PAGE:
Here's a FAQ's link about her fondant and the link to her recipe as well:
As for rolling out fondant, you can do it directly on your counter top or cutting board whichever works for you and accommodates the size you want to roll out. I would recommend that you put down a tiny bit of ps or cornstarch on the surface before you roll out your fondant so it doesn't stick.
Thanks for the information. I am so not ready to make my own fondant. I will just hope that the few accents that I add with the Wilton pre made stuff won't taste too bad (or will be easy enough to remove). I am not covering the cake with it. If I were to be covering the cake and decorating with it, then I might try. I am still sort of a newbie in the whole cake realm thing.
if I am rolling something small out then I use my regular vinyl placemat (14" x 18" very smooth) bought from Target. Yep paid a whopping $1 for it. If I need a larger size then I either roll it out on my work surface or a large piece of vinyl that I bought at a fabric shop. If you do buy a large piece then ask for a large fabric roll* to keep it from getting wrinkles in it (they should give it to you for free).
Some people use ps or cs to put down before rolling and some smear shortening (crisco) on their work surface.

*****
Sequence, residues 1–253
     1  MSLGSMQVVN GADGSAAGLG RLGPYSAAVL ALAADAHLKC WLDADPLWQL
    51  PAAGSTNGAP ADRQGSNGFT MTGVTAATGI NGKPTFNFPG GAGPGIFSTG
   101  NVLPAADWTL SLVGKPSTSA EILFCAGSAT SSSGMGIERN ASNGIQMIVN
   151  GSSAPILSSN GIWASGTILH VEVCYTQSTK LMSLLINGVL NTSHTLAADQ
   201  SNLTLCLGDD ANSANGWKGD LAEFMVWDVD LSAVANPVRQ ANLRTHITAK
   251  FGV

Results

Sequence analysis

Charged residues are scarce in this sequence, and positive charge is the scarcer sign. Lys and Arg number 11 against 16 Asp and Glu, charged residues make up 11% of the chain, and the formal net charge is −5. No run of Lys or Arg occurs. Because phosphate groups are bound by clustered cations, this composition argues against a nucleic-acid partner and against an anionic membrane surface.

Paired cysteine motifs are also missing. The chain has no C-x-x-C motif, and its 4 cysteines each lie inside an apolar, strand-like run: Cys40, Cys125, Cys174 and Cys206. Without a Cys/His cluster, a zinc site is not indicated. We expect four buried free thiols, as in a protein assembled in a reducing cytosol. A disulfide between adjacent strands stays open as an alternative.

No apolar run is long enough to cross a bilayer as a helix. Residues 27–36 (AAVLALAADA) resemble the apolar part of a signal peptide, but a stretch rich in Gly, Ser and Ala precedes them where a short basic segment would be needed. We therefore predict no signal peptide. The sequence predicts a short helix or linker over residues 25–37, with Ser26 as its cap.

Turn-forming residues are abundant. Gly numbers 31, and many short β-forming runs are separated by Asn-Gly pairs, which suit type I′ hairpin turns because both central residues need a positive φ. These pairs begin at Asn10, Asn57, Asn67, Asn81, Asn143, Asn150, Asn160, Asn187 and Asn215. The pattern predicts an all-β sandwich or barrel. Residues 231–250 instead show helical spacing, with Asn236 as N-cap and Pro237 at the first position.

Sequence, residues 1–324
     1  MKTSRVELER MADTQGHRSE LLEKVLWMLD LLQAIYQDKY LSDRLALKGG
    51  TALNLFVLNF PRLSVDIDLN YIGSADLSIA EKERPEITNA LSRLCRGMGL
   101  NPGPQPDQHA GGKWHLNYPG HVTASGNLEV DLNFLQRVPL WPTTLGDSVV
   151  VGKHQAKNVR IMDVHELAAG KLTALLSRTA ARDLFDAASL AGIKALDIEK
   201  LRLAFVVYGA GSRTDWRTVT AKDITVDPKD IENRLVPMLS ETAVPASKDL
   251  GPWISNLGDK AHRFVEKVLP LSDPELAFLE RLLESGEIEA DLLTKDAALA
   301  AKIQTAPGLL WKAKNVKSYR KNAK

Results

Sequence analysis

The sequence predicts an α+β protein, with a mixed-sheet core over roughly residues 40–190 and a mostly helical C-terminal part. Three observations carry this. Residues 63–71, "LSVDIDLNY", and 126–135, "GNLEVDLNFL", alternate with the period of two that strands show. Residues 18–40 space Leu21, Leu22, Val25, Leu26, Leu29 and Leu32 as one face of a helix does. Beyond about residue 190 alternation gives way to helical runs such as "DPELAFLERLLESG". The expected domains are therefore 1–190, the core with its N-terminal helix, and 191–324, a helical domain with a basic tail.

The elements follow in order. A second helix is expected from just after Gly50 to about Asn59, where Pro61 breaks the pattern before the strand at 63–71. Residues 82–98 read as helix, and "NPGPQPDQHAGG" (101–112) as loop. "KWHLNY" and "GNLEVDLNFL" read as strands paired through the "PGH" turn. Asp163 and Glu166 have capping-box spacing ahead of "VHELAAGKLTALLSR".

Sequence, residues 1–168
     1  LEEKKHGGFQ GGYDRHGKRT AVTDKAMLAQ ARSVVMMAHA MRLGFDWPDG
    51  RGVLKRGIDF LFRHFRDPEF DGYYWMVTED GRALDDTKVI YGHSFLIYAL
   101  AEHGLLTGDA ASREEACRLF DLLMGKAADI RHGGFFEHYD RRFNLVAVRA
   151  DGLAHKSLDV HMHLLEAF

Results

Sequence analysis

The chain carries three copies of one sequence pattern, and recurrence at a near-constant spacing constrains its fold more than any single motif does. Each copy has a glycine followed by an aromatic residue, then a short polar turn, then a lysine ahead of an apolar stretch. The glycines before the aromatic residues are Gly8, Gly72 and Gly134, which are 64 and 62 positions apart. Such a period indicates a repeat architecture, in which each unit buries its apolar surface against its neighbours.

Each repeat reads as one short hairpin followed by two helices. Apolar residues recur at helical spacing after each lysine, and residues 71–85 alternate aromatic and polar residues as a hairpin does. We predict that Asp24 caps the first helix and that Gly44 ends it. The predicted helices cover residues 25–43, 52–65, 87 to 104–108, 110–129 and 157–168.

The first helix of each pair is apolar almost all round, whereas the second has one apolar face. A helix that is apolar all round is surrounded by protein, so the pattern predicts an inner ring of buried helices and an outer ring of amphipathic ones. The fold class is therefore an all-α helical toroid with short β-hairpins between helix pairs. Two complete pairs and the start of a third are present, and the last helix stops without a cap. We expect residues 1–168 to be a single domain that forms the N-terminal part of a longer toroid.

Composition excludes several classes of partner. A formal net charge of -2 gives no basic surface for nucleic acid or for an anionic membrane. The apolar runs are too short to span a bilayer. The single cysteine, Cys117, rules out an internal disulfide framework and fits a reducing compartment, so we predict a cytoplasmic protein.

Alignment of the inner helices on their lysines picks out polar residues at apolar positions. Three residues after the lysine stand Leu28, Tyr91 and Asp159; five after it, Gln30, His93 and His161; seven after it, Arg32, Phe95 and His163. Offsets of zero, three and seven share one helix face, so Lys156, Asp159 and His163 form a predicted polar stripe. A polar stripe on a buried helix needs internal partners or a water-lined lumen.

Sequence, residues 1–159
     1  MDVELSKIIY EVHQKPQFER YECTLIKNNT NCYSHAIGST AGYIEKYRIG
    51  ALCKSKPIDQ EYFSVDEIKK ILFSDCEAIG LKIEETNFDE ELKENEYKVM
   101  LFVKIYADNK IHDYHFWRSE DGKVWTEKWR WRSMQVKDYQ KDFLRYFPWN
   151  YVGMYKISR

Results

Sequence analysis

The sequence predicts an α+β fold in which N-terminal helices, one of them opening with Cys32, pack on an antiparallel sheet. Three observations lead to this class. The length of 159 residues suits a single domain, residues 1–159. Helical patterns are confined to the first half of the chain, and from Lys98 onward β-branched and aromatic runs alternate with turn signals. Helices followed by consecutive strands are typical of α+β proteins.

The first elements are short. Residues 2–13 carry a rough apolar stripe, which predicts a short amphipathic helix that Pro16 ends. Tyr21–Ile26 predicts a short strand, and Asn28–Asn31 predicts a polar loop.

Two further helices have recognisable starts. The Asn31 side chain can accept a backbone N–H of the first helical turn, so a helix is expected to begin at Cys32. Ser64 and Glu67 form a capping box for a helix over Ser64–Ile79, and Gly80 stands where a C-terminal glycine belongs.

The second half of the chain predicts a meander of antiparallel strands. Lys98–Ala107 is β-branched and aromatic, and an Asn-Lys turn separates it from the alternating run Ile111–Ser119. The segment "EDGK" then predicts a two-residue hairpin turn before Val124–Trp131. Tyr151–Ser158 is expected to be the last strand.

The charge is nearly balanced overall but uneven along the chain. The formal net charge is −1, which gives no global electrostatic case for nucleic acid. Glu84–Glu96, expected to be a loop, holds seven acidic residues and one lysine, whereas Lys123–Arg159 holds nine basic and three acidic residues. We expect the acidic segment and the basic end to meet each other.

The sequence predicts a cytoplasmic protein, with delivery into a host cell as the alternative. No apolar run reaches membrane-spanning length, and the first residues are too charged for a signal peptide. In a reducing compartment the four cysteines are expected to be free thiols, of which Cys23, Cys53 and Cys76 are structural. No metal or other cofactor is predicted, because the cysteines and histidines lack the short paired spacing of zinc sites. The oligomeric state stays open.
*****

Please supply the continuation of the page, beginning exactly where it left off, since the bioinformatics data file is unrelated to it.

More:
Make sure that you keep your fondant covered up when not working with it since it starts to dry out. Whatever surface you choose make sure it is very smooth cutting boards usually have nonslip type of surfaces which would make it difficult to keep it smooth and from sticking.
*Matter of fact....this just gave me an idea to go back and get another one and cover the roll (cut it down some b/c they are very long) with clear/white shelving paper (you know the big sticker rolls) to be able to move my large pieces of fondant to cover the big cakes.
sjemom.. your cake will taste great.. people.. that don,t like fondant.. will peel off satin ice.. pettinice.. fondarific, etc.. as you get more into cakes.. you will see and hear this.. lots of people don,t like the texture of any fondant. so , yes, your cake will look and taste great.. don,t worry...